At present the criminal investigators can resort to mutual legal assistance treaties between countries, something different to only using the courts within the U.S. But this should radically change when the General Data Protection Regulation comes into effect in 2018. This new regulation extends across European countries, recognises both email and social media cultures, and aims to penalize companies for mishandling data. Fines will be in proportion to the company’s total worth, up to 4% of their annual earnings.

 

In defence of the courts original decision, the order to disclose the email files was a mixture of subpoena and warrant. Such rulings apply to the possession of information, not the location of the information. Microsoft would have had to disclose the content of the email, but with no need to disrupt the services of others on the server. If the emails were handed over in court there should have been no debate over international jurisdiction.

Just a few useful apps for those moving operations to the Cloud.

 

CloudConvert

The bane of all Cloud moves, or any format change really – file conversions. Cloudconvert is designed to simply do conversions, quickly and simply. There are all the more popular file formats, pdf, DOCX, MOBI … etc. There are also multiple e-book, audio and video formats.

After installation, using CloudConvert is just a matter of right-clicking a file and opening with CloudConvert.

 

Wappwolf Automator for Google Drives

This looks after file allocation, and proves itself quite useful. Add files to specific folders, have certain folders updated to a Dropbox; it can be set up to work as you wish. It works with many cloud drives, including Amazon, and will happily sync two different clouds, even converting files when necessary.

This app is free if you only have 10 automations and 10 files. Higher levels plans cost from about $8.oo per month and upward.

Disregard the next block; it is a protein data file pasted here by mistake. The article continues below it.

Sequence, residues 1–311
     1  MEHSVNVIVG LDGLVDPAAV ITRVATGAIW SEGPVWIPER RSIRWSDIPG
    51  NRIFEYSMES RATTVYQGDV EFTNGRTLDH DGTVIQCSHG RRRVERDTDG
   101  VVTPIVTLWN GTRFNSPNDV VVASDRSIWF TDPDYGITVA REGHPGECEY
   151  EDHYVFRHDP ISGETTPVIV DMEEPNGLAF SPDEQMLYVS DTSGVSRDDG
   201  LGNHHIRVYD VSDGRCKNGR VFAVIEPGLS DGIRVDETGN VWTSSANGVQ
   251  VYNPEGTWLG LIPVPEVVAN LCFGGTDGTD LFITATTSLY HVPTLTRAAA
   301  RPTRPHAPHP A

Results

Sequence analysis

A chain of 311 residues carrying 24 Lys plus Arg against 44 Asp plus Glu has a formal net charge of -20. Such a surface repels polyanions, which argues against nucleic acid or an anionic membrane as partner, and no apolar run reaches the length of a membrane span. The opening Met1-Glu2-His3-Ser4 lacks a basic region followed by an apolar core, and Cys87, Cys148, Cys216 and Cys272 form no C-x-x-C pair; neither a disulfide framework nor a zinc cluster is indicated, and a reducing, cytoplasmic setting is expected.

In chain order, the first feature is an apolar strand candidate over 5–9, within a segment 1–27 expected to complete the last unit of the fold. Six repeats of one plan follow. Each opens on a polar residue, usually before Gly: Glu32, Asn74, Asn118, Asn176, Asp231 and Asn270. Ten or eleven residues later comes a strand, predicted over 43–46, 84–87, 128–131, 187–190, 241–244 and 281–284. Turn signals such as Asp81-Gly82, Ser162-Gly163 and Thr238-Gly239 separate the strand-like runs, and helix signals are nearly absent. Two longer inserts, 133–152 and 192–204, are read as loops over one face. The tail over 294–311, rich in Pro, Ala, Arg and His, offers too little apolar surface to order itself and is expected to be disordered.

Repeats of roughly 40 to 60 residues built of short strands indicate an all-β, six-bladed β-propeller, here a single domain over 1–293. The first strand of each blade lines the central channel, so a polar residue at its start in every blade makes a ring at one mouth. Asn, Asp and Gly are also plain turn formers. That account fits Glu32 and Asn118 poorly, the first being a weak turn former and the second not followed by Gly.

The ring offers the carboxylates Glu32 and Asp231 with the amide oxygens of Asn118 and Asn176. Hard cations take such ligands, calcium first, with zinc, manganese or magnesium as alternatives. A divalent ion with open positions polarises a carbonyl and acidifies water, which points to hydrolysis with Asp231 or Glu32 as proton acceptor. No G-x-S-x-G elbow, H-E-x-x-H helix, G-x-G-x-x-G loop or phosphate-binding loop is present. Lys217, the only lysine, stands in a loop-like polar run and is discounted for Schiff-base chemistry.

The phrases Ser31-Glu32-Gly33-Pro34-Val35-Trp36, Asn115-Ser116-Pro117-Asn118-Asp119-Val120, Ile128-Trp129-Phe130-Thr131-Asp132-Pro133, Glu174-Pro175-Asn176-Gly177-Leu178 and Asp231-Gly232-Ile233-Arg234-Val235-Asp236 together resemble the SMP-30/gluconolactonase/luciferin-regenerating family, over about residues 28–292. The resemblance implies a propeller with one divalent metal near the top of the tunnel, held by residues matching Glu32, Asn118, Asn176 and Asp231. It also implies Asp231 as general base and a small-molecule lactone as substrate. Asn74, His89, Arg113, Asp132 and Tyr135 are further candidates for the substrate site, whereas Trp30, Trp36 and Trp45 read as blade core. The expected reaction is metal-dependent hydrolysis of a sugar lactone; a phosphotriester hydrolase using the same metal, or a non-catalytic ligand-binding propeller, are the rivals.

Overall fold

Pixlr Editor

Edit images in the Cloud, without downloads of need of Photoshop. Mostly for convenience and saving time, but that’s the whole point of a well set up system.

 

DocHub

Edit pdf online; merge documents, add images and text. Save it back to pdf or another format, and email it while all in the same app.

 

HelloFax

Send a fax from the browser window. No fuss, just a better version of what a physical fax will do.

According to a new study by the BSA Australia’s regulation for the Cloud are falling behind.

 

In 2013 Australia was the second highest ranking global IT economy. As of 2016 it is now 6th. This position in itself is not too bad, but the steadily decreasing trend it a warning. We are still leaders near the top, but other leaders are overtaking us. Japan and Germany are higher on the list.

 

Upcoming deals may help reverse this trend. The WA government is completely reorganizing its data centres to make a more efficient, more coherent system. And Intel Australia, along with distribution partner Synnex, has announced plans for a great number of Internet of things (IoTs) products and services. These items and services will link to the net to provide greater productivity under increased security, all linked to cloud services.

 

Because of the daily changes in the cloud system it is hard to follow trends. But that ability to change shows flexibility, which is one of the cloud’s great strengths. Businesses are attracted to the Cloud because of the agility it offers their operations. They don’t know what the future changes will be, but they know there will be flexible options that they can use.